I used OnOne for Killarney’s St Mary’s Cathedral, but liked the baptistery much better directly from LR.   

Finally, I used Nik for this single image HDR toning to bring out the details of the peat pile, while not overdoing the rest of the cottage.  

As with most things in the Photoshop world, there are multiple ways of doing anything and you as the “artist” need to use the tools that bring the image to life as you want the viewer to see it. 

Rodeo Time

By Roger (19 July 2015)

It's been a busy couple of weeks, with very little chance to exercise my shutter fingers. I did get to spend a couple of hours, at the Fauquier County Fair, with our local camera group. We went on opening night for the rodeo.

As rodeos go, this one is small. You don't get to see many of the events found at the big rodeos. This one is limited to a couple dozen bull riders and the barrel racers. And, since it started late, the sun set before we got to the barrel racers. The good thing about small rodeos is you can get close to the action if you get there early enough. We did and were right on the fence, across from the chutes.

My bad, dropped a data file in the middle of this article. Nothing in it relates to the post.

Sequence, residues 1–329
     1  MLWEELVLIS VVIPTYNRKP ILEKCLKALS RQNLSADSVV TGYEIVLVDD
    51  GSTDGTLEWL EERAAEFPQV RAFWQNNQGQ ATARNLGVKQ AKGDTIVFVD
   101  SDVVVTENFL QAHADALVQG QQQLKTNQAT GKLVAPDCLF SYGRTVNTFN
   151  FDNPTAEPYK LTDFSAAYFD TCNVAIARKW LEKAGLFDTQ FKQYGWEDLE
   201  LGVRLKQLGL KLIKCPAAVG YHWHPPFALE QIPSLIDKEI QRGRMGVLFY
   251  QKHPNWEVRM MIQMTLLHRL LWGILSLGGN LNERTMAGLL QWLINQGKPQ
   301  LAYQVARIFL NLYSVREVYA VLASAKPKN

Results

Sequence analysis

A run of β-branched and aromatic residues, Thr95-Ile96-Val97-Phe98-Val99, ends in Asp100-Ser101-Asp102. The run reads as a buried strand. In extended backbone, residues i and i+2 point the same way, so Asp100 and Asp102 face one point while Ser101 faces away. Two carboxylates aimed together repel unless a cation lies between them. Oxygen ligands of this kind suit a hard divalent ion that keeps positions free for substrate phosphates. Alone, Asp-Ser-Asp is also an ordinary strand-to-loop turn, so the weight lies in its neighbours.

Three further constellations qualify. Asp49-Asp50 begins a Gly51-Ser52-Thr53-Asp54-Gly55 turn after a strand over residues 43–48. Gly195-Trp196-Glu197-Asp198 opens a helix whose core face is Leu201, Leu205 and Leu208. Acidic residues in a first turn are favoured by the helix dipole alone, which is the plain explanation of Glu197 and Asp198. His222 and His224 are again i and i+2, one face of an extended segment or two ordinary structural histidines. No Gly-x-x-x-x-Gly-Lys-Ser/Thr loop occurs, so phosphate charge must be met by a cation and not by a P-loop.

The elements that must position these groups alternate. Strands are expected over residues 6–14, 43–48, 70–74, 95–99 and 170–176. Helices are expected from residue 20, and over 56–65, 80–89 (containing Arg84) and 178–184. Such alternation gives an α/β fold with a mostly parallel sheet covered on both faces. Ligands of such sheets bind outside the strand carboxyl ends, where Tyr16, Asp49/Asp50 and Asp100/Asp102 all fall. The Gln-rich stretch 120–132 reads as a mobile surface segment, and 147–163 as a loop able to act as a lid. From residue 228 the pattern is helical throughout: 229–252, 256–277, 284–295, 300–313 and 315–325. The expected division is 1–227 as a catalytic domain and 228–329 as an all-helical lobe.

While we were waiting, we got to chat with the show's official photographer, Chris “Click” Thompson. (You can check out his site here.) He was setting up strobes around the arena, so he could keep working after sunset. He spent some time with our group, talking camera geek stuff. He travels with the show, as a free-lancer, so he's seen the action many times and passed out some shooting advice. He dropped by, again, mid-way through the bull riding to check in on us. It was a thoughtful gesture from a full-time professional.

Since our group had been to this rodeo, last year, we knew the best place to catch the bulls coming right out of the chutes.

Let 'er rip

Let 'er rip